The key to make homemade soap last longer is proper drainage. The one thing your homemade soaps should never do is sit in a pool of water. A soap dish that allows proper drainage – like this minimalist DIY wooden soap dish via How Did You Make This? – is an easy way to help ensure your soap drains properly and dries in between uses. (Re-pin this project here for later!)
Harder soaps also last longer than softer soaps. Therefore giving your homemade soaps a longer cure time can help your soap last longer as it inevitable results in a harder bar. You can also cut your homemade soaps in half so they are able to dry more quickly and thoroughly between uses.
Have a homemade soap that just doesn’t seem to get hard enough? Cure soft soap issues by changing your homemade soap recipes from the start. Using oils that create a harder bar from the get go will ensure a harder finished bar. There are many soapmaking ingredients that help to create a hard bar including shea and cocoa butters – or any butter for that matter – babassu oil, palm oil, palm kernel oil or flakes, lard (tallow), and coconut oil. (Using the soap calculator at soapcalc can help you determine the hardness of the final bar.)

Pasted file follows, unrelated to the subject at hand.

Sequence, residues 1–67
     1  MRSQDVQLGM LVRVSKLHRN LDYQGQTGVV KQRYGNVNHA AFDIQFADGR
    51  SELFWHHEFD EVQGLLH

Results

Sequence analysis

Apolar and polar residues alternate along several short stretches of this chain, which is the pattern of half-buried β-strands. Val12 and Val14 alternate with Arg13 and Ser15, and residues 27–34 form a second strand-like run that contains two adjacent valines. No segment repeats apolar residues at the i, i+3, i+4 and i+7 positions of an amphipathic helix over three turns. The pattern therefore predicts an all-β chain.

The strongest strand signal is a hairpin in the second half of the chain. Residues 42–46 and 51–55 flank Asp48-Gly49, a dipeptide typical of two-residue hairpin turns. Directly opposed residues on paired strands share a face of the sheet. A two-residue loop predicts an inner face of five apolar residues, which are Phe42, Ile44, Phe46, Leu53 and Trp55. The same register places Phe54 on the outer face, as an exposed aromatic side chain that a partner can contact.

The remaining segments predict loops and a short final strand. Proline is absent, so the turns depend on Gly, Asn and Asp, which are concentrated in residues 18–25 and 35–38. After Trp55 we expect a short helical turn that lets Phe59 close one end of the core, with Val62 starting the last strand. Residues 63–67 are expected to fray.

Other ingredients like salt, stearic acid and sodium lactate – at around 1 teaspoon per pound of oils – will also result in a harder soap. You can also use a water discount to start out with a harder soap coming out of the mold. I always discount my water at 33% or slightly less for soaps I know tend to be softer when unmolding them.
For more inspiring soap ideas be sure to follow the Pinterest Makers Soapmaking Group Board as well as my DIY Bath and Body Pinterest Board! You can also find a collection of my own homemade soap recipes as well as bath and beauty DIY’s at my main website, Rebecca’s Soap Delicatessen.